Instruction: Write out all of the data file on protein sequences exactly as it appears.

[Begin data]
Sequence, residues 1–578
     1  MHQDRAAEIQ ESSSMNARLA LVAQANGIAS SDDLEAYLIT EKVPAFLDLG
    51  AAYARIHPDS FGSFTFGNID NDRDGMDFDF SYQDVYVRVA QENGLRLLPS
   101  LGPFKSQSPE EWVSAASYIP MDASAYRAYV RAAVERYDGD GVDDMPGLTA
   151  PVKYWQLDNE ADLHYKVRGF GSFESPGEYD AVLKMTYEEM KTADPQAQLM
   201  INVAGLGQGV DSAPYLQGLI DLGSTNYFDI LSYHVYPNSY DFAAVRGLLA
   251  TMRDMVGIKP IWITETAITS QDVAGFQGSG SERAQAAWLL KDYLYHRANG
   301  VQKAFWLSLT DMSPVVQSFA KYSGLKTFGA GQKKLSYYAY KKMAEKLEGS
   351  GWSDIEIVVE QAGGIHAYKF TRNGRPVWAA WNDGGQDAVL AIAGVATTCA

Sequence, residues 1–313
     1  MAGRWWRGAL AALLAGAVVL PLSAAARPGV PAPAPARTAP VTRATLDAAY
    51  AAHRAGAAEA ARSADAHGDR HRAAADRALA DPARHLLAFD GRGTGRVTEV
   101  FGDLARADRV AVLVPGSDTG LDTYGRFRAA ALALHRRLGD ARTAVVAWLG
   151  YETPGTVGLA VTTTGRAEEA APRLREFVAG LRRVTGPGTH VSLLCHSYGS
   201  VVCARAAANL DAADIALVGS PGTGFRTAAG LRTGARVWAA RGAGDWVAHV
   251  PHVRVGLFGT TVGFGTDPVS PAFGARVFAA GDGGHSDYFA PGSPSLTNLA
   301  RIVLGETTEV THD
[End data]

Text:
Sequence, residues 1–578
     1  MHQDRAAEIQ ESSSMNARLA LVAQANGIAS SDDLEAYLIT EKVPAFLDLG
    51  AAYARIHPDS FGSFTFGNID NDRDGMDFDF SYQDVYVRVA QENGLRLLPS
   101  LGPFKSQSPE EWVSAASYIP MDASAYRAYV RAAVERYDGD GVDDMPGLTA
   151  PVKYWQLDNE ADLHYKVRGF GSFESPGEYD AVLKMTYEEM KTADPQAQLM
   201  INVAGLGQGV DSAPYLQGLI DLGSTNYFDI LSYHVYPNSY DFAAVRGLLA
   251  TMRDMVGIKP IWITETAITS QDVAGFQGSG SERAQAAWLL KDYLYHRANG
   301  VQKAFWLSLT DMSPVVQSFA KYSGLKTFGA GQKKLSYYAY KKMAEKLEGS
   351  GWSDIEIVVE QAGGIHAYKF TRNGRPVWAA WNDGGQDAVL AIAGVATTCA

Sequence, residues 1–313
     1  MAGRWWRGAL AALLAGAVVL PLSAAARPGV PAPAPARTAP VTRATLDAAY
    51  AAHRAGAAEA ARSADAHGDR HRAAADRALA DPARHLLAFD GRGTGRVTEV
   101  FGDLARADRV AVLVPGSDTG LDTYGRFRAA ALALHRRLGD ARTAVVAWLG
   151  YETPGTVGLA VTTTGRAEEA APRLREFVAG LRRVTGPGTH VSLLCHSYGS
   201  VVCARAAANL DAADIALVGS PGTGFRTAAG LRTGARVWAA RGAGDWVAHV
   251  PHVRVGLFGT TVGFGTDPVS PAFGARVFAA GDGGHSDYFA PGSPSLTNLA
   301  RIVLGETTEV THD